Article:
Winter on Mt Washington

2012-11-30 18:45:54.000 – Mike Dorfman,  Summit Intern

Sunrise From the Summit Cone

Living in New England, I have visited Mt Washington many times. One of my favorite trips up to the rockpile was last spring. Instead of celebrating the end to my undergraduate career, I didn’t go out drinking or sleep for a week straight. Instead, an hour after finishing my last final exam, I was in the car on the way to Mt Washington. Meeting up with a friend, I headed up to the Hermit Lake Shelters for the night. Under crystal clear skies and the blur of the Milky Way, my friend and I woke up and strapped on our crampons to head up Lion’s Head. We were aiming to get to the summit by sunrise but our hike took longer than expected, and we enjoyed a neon yellow sunrise halfway up the summit cone.

Once we got to the summit, the weather was unusually clear and calm. It felt like we were alone on the summit, but I knew there were observers hunkered down in the fortified Sherman Adams building. We could see all the way to Mt Marcy in the Adirondacks. On a clear day, parts of New York, Vermont, Maine, Massachusetts and Canada are all visible from the summit. You can even see many far-away locations such as Mexico, Norway, Denmark, Sweden and Peru (all town names located in Maine, of course). After spending 20 minutes or so on the cold and calm summit, my friend and I started slowly on our way down the summit cone, a small arctic island in a sea of temperate climate.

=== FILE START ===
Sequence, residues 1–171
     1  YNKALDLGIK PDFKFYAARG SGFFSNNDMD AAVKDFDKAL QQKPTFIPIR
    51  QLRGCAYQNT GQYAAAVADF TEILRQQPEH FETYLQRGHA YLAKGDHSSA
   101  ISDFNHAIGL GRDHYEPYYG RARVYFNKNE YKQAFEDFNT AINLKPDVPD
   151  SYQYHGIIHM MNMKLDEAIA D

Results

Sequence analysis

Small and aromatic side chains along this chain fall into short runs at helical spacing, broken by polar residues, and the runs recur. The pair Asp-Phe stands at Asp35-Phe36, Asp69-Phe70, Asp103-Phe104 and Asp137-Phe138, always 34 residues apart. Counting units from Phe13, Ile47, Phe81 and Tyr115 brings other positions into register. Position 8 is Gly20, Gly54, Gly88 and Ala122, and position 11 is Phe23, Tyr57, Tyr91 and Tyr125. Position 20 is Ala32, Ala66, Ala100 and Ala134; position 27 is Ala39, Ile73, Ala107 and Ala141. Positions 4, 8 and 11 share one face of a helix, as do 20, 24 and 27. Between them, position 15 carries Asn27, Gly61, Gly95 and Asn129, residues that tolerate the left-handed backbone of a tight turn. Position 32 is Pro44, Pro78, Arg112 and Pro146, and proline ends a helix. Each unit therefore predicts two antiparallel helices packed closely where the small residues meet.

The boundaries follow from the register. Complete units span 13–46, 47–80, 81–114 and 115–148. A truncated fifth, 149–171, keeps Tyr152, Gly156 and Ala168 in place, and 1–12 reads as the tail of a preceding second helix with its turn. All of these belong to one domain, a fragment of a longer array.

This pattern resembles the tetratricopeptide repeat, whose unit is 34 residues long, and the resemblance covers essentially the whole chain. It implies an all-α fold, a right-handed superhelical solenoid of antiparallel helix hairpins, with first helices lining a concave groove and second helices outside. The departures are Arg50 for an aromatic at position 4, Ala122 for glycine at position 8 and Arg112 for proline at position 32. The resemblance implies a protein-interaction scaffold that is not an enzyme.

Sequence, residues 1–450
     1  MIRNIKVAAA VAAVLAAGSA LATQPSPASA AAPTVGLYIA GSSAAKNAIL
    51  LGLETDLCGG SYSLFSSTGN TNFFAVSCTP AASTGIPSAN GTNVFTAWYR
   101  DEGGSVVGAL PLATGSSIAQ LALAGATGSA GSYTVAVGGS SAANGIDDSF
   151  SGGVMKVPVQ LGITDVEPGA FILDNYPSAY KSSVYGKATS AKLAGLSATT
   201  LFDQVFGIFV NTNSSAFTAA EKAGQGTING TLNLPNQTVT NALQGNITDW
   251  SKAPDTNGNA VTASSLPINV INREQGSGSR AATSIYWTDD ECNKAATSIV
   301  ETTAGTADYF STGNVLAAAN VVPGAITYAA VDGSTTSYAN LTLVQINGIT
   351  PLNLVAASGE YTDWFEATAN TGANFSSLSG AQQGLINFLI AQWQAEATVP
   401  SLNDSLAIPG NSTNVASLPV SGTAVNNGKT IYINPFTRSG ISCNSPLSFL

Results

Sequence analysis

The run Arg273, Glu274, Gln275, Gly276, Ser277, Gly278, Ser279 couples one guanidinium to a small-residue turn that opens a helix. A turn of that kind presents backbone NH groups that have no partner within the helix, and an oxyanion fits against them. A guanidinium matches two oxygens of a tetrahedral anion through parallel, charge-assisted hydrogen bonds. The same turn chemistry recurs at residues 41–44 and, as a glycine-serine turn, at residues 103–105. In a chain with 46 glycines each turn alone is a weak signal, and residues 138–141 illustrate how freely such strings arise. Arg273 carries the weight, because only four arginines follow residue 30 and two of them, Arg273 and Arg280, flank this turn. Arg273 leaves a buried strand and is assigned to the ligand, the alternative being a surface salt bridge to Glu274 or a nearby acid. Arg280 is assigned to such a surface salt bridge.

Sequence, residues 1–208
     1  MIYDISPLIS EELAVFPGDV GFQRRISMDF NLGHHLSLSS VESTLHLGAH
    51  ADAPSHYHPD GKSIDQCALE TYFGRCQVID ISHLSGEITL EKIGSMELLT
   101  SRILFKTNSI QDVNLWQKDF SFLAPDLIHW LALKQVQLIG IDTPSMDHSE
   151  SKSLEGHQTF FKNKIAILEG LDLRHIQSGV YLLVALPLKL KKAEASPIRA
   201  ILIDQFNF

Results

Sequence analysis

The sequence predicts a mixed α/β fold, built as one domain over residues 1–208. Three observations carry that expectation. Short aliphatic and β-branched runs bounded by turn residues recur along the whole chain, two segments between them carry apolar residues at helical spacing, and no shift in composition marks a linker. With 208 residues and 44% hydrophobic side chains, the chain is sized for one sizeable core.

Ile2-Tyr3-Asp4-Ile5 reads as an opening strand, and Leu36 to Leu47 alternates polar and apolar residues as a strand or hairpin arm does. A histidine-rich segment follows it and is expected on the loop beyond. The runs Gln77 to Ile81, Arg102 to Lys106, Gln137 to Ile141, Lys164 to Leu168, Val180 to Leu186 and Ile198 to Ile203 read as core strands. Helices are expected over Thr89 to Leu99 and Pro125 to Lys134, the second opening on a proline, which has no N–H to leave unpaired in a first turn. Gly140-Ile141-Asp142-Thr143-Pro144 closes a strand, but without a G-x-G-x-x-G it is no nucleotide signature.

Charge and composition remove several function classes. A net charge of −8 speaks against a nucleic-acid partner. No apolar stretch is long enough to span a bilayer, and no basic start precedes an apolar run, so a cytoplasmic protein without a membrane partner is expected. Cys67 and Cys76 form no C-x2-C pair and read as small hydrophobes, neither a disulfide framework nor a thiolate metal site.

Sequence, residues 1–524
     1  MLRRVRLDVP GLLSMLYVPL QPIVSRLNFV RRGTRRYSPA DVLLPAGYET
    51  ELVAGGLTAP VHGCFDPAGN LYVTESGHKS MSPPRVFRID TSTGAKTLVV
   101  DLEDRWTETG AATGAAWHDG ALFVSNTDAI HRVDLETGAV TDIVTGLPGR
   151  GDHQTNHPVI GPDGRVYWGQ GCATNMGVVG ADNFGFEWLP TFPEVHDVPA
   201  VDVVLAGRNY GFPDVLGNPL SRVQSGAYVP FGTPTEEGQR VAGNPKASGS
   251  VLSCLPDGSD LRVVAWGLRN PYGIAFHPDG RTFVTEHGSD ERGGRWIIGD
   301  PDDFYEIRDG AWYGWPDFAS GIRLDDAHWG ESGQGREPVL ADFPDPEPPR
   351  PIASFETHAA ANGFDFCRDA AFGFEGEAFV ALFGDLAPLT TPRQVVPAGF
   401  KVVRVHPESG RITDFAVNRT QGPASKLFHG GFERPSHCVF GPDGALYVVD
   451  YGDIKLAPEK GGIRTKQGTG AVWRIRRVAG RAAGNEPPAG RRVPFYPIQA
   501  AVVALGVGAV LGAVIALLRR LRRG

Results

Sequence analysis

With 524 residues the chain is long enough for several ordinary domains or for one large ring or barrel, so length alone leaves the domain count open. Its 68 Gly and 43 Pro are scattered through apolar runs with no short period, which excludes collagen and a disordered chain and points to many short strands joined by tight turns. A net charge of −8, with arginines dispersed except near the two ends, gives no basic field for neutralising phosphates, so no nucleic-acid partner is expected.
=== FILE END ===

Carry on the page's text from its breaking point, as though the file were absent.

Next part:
Climbing Mt Washington is something that is incredibly rewarding, yet requires both knowledge of the mountain and outdoor skills. If you are new to the outdoors, Eastern Mountain Sports offers a variety of climbing courses which summit regularly in the winter. If you want to experience the summit without having to climb to the top, winter Edutrips are a wonderful opportunity. They are themed trips that spend a night on the summit, taking the Observatory’s snow tractor up and down the Auto Road. These trips allow participants to explore the summit and participate in a variety of activities revolving around the trip’s theme. Sleeping arrangements in the Observatory’s cozy and warm living quarters and a delicious dinner cooked by the summit’s volunteers are included.

Observer footnote: Our year-end fund drive is taking place through December 31, and we need your support. Please make a tax-deductible donation of any amount here. As a nonprofit, people-powered institution since our founding in 1932, we need your help to continue our work! Thank you in advance for your generosity.


Mike Dorfman,  Summit Intern

A Surprise Aurora

November 15th, 2023|Comments Off on A Surprise Aurora

A Surprise Aurora By Francis Tarasiewicz After 17 months of working at New England’s highest peak, it finally happened. On the night of November 12th, 2023, I was lucky enough to view the famous and

A Glimpse at METAR Reports

November 7th, 2023|Comments Off on A Glimpse at METAR Reports

A Glimpse at METAR Reports By Alexis George, Weather Observer & Meteorologist METAR observations are submitted every hour of every day at Mount Washington Observatory. METAR is a format for reporting weather information that gets

Find Older Posts